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Red Sox team up for Buchholz fundraiser

Red Sox team up for Buchholz fundraiser

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Red Sox team up for Buchholz fundraiser

BOSTON -- A day before kicking off their second half of the season against the rival Yankees, more than half of the Red Sox team took the night to focus on giving back to the Boston community.

At least 13 members of the current team assembled about a block away from Fenway Park to show their support for teammate Clay Buchholz in the first annual Buchholz Bowl, an event which raised money for kids with cancer.

A sold-out Lucky Strike Lanes just down the street from Fenway served as the venue as kids bowled alongside and spent time with current and former members of the Red Sox, including David Ortiz, Pedro Martinez, Dustin Pedroia, John Lackey and Jon Lester.

The event featured a bowling tournament, silent and live auctions, food and beverage service, as well as an awards ceremony with all proceeds from the event benefitting the Clay Buchholz Foundation.

"Awesome turnout," Buchholz said. "Obviously the first time I've done something like this and it turned out great."

Autographed memorabilia from all of Boston's professional sports franchises was featured in the private auction as well as a trip to see the Red Sox play the Yankees in New York City and a trip to Maui, Hawaii.

Sponsorships for the private event ranged from $5,000 to $50,000 for bowling opportunities and $200 for tickets.

Members of the Red Sox captained teams at each of the lanes.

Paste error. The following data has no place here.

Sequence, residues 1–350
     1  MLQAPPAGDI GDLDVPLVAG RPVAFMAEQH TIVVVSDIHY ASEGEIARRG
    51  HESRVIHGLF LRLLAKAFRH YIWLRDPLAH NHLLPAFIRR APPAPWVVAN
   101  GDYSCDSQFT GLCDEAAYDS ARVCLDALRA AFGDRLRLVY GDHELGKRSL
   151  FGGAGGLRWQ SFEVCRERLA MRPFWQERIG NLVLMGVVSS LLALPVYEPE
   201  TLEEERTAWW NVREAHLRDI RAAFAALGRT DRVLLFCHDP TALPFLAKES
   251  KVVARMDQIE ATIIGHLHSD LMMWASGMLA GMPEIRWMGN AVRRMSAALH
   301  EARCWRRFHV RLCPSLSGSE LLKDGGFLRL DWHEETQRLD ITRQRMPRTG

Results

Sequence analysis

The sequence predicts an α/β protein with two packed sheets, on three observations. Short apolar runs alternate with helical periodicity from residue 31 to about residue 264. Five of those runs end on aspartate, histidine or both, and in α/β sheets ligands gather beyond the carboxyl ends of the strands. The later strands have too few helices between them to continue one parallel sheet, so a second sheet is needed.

"Pretty much par for the course about how professional and personal this ballclub is," outfielder Jonny Gomes said. "That's pretty much how tight this whole team is. Clay's having a fundraiser? Boom. Twenty-five guys come."

Buchholz kicked off the bowling by helping some of the younger kids at the event throw their bowling ball down a lane as cameras flashed and everyone watched.

They were shy at first, but it didn't take long for them to warm up to the Red Sox right-hander.

"It's funny how kids are," Buchholz said. "They're really shy at first and then they have a good time doing something and then they respond a little bit differently than they did at first. It's a great event. Definitely makes it better when you got the kids here having fun."

Buchholz's foundation, which was co-founded by his wife, Lindsay, chose to give the money from the event to local charities, including Christopher's Haven, which provides comfortable, supportive living spaces for children and their families while they are going through treatment for cancer at local hospitals.

"We've talked about doing this for such a long time. Cancer has been so important to us because we know so many people affected by cancer, especially children. It's heartbreaking," Lindsay Buchholz said. "Once we saw those kids at Christopher's Haven and actually get to see what they're doing there that they're saving lives, we knew this was the right place."

Michael Periatt is an associate reporter for MLB.com. This story was not subject to the approval of Major League Baseball or its clubs.

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